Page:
New Europe’s Federico Grandesso sat down for an exclusive interview with MEP Paolo Borchia from Italy’s Lega party about their agenda heading into the new year and what their priorities will be after becoming one of the most popular parties amongst Italian voters following the 2019 European elections.

New Europe (NE): During the recent European People’s Party (EPP) congress in Zagreb there were some rumours about a possible alliance between Lega and the EPP. How do you see Lega’s future cooperation with the EPP?

Paolo Borchia (PB): We should start by talking about facts. Since I arrived in Brussels, in the last two elections the EPP lost a huge number of voters. This is a clear signal that we have to take into consideration what, exactly, the EPP accomplished at the EU level during this period. What we see is widespread criticism across Europe about the EPP’s EU policies, and here the responsibility is clearly with the biggest EU party – the EPP.

With many EPP delegations there is a common view on specific topics and we are completely open to collaborate with them. But at the moment, I see that the opening is only one-way. If we read any newspaper, we are described as those who are closed minded and who always say “no” to everything. We are open to collaborate, but unfortunately we noticed that the EPP has made other choices. They chose to support a leftist political agenda. This is bad because it goes against what their voters want. I see it as a sort of betrayal of the political mandate that the EPP received from lots of voters.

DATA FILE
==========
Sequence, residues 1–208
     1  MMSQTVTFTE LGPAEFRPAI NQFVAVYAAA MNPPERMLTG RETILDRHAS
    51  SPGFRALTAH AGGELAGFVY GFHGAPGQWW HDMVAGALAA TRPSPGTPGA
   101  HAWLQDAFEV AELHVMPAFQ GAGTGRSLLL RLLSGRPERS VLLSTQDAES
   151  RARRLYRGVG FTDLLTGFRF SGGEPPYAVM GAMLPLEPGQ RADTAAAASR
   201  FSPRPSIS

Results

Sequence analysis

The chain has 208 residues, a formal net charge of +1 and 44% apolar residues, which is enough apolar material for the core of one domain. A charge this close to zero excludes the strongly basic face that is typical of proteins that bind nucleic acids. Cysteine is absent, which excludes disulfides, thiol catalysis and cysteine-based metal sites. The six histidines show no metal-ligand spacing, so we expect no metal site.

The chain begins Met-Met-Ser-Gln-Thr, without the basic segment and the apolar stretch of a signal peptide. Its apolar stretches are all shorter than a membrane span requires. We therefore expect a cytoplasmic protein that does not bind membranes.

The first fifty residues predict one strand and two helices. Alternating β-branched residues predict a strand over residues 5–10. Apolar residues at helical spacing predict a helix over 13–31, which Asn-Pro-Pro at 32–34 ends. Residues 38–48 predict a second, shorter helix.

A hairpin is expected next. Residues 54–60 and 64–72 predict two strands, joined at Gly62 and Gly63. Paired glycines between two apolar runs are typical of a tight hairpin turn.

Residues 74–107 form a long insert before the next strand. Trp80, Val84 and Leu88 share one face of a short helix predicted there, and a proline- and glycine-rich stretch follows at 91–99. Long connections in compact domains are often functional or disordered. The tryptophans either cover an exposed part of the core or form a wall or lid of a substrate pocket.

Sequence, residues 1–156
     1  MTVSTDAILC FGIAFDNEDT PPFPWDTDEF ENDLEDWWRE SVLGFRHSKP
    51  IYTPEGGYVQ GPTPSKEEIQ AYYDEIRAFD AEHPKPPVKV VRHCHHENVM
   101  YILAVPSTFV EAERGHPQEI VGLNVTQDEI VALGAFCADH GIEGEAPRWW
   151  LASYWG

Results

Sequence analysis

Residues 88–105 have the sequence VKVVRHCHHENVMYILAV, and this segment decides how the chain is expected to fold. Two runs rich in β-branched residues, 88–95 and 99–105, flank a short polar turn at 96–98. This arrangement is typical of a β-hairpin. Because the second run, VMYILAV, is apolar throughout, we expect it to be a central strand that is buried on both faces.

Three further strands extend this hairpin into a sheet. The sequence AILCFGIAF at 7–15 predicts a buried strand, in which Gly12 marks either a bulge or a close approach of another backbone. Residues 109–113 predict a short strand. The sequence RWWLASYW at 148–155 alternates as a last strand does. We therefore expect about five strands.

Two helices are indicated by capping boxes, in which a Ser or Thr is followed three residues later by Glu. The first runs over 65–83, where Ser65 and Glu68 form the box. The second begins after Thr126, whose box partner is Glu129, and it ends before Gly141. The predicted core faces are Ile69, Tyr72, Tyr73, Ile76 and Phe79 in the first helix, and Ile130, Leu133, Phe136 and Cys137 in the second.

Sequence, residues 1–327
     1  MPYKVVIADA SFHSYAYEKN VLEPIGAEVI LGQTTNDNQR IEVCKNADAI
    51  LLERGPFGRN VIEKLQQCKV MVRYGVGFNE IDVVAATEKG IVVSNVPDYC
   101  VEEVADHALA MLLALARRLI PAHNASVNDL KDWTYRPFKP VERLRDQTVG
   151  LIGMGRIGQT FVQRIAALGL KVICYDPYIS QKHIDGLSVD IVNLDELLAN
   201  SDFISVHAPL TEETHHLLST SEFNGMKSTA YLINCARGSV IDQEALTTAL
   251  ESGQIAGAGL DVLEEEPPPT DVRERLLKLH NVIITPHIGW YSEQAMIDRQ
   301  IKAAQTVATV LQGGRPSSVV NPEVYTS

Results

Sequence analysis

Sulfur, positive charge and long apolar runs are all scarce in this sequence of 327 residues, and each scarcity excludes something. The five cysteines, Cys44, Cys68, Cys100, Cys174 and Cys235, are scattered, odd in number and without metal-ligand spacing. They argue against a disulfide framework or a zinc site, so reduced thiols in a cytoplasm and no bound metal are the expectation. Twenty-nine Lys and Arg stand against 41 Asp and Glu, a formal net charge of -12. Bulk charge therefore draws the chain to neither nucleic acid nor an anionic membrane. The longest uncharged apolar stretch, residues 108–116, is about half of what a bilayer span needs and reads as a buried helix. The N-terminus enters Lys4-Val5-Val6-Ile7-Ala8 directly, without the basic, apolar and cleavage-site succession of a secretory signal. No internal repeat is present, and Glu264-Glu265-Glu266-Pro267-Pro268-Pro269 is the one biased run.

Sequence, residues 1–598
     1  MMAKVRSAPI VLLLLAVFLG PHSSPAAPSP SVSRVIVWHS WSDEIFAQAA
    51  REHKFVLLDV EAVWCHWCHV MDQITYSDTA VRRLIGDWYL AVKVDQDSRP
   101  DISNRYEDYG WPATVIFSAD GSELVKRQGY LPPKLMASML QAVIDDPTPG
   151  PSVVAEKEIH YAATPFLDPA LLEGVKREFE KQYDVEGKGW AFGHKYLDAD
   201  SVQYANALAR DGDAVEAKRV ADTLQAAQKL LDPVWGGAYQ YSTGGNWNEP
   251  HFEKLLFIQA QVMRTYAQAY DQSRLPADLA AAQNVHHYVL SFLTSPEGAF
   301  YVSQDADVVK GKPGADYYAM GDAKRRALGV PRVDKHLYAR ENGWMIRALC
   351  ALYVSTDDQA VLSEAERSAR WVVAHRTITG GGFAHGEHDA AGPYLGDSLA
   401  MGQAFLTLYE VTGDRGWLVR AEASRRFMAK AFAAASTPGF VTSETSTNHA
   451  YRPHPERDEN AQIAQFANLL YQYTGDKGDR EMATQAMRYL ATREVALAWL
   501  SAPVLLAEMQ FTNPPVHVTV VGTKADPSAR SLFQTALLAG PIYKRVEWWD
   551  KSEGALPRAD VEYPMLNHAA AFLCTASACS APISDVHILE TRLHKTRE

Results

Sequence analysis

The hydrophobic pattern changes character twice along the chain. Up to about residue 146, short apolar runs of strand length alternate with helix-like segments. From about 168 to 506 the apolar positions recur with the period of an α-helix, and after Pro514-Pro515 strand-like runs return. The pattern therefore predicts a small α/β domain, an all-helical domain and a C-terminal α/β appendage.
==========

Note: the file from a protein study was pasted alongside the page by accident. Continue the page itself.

To imagine Lega as a part of the EPP at this point is a total fantasy, and former EU Council President Donald Tusk was quick, but not quick enough, to completely discard this possibility. In a normal world when a party, like Lega, receives as many votes as it did – we got 9.5 million votes in the last European election –  would be included in the EU decision process.

The fact that Lega has been cut out of the political dialogue despite the fact that it is a political force, with such a strong political mandate, is utterly short-sighted by the EU. This, once again, that the European establishment wants to pursue a political agenda that the voters don’t want.

As coordinator for our political group on the European Parliament Committee on Industry, Research and Energy (ITRE), I will continue pursuing a very realistic strategy. My goal will be to get some tangible results for Italy’s economic system. If there is room for some kind of collaboration, I will be open to the possibility, but I don’t a lot of expectations because they made a lot of mistakes in just few months. At this point, it is up to the EPP to decide if they want to follow a centre-right agenda or, again, continue supporting other radical political agendas that will inevitably see them lose more voters.   

NE: It seems that Forza Italia MEP Silvio Berlusconi is supporting a political alliance with you?  still didn’t send any request to the EPP?